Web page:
From Brazil to USA to Africa and back to Brazil: 3rd Culture Children

Published 2012-02-27 12:37:07

3rd culture children Raquel L. Miranda, Brazilian by birth, lived and studied in Argentina. Worked as an international researcher in the USA, before marrying and becoming a Foreign Service ‘hauling spouse’, mother of 3 third-culture children, all under the age of 7! Currently posted in Recife, Brazil - previous posts including Washington, DC and Maputo, Mozambique.

1. Why did you move abroad?
I was born abroad! [smiles!] My parents used to be public servers with the Brazilian government, so we traveled a lot. With a background in science and research, I was always on a plane, traveling to conferences or symposiums. Then, one day, 11 years ago, resting at the beach in Brazil, while taking a break from my PhD research and endless lecture preparation at the university, I met the one who would become my husband – he was a charming 26 year-old pre-grad student, interested in international politics, and (surprise!), who liked to travel around the world. When an offer to work as a researcher at the University of California (at Davis) came along, I felt like it was a great opportunity to give my then-growing relationship, a shot! And, so far, it’s been working pretty well! Every couple of years our family moves to a different post, adjusts to different cultures, different settings – and we love it! It’s challenging, but intriguing, and it can be a lot of fun! We are an adventures group of people, and we tend not to be afraid of new tasks.

2. How do you make a living?

As I mentioned before, I’m a trained scientist – really geeky stuff, biochemistry, physiology (even wrote an online book [] on that)… things that my husband would say “could bore people to death”, but, it’s one of my passions. Currently, I’m a teacher at the American School of Recife, for middle & high school. I have been very fortunate with the fact that in every new post, I’m always able to find fulfilling jobs, within my area of knowledge, which also allow me time to spend with my family, cooking, traveling, snapping photographs and writing about our experiences, with a very peculiar view – I’m a wife of a diplomat, a mom of TCKs, a committed parent, and an expat who cheers any opportunity to assist other expat women through their adjustment processes… It gives me a sense of responsibility and it’s very rewarding. And I get to do all that in a foreign country, meeting new and exciting people – and blogging about it! Could it be any better?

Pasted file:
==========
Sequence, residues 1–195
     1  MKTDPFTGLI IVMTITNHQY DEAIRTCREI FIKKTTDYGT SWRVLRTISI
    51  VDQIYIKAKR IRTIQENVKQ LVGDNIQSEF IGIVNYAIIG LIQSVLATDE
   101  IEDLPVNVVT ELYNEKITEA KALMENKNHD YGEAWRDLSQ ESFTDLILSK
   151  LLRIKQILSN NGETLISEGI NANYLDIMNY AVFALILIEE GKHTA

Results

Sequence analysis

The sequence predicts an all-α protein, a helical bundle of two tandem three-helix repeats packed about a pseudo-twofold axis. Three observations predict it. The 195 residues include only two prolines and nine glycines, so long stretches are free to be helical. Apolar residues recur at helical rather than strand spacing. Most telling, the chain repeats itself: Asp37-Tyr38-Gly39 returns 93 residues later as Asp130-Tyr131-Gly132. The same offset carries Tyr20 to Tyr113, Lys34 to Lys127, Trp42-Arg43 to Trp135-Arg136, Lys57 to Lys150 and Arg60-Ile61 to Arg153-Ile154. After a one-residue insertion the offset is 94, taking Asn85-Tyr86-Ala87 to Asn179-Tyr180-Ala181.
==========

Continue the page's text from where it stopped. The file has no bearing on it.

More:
3. How often do you communicate with home and how?

At least once a week, using Skype or Skype phone. Over email, facebook, tweeter updates (@3rdculturechild) as well, and sharing our weekly updates through the blog, where family and friends can take a glimpse at our daily routine, our impressions, findings and photos. Considering we’re currently posted in Brazil, communicating with our Brazilian family is also possible through long distance phone calls – my kids love speaking Portuguese with their Brazilian grandparents!

4. What's your favorite thing about being an expat?

Right now, I feel like we’re this, sort of “hybrid” expat family in Brazil. First, because I was born here, and speak the language, and husband is pretty fluent, as well. Second, our kids are fully immersed into the culture, despite the fact they’ve never lived here before. We love the music, the colors the vibe! I forgot how much I liked the Brazilian “way of being”, since I’ve been gone for a long time…

5. What’s the worst thing about being an expat?
Sometimes you may have false hopes that things would work in a certain way, and they don’t. The ones who are currently living in and experiencing Brazil, can totally understand that! [smiles!] Obeying schedules is definitely a weak link – at the end, you just have to laugh at life, and let things flow! And another interesting point, is that, because I was born in Brazil, other expats have the tendency to come to me for explanations, and reasoning… and you know, even though I’m “from here”, there are a lot of things that don’t make much sense, you just have to take them face-value, accept, and enjoy the ride!

6. What do you miss most?
I miss the convenience of a reliable public transportation system. Unfortunately, Brazil is working towards that path, but we still have a long way (and years!) ahead of us. The proximity of the World Cup is proving to be a great incentive for Brazilian’s traffic engineering, which is a pretty positive aspect. Oh… and considering we’re living in Recife, Pernambuco, right now, there not a lot of US food chains… boy, I miss a good latte with Dunkin Donuts…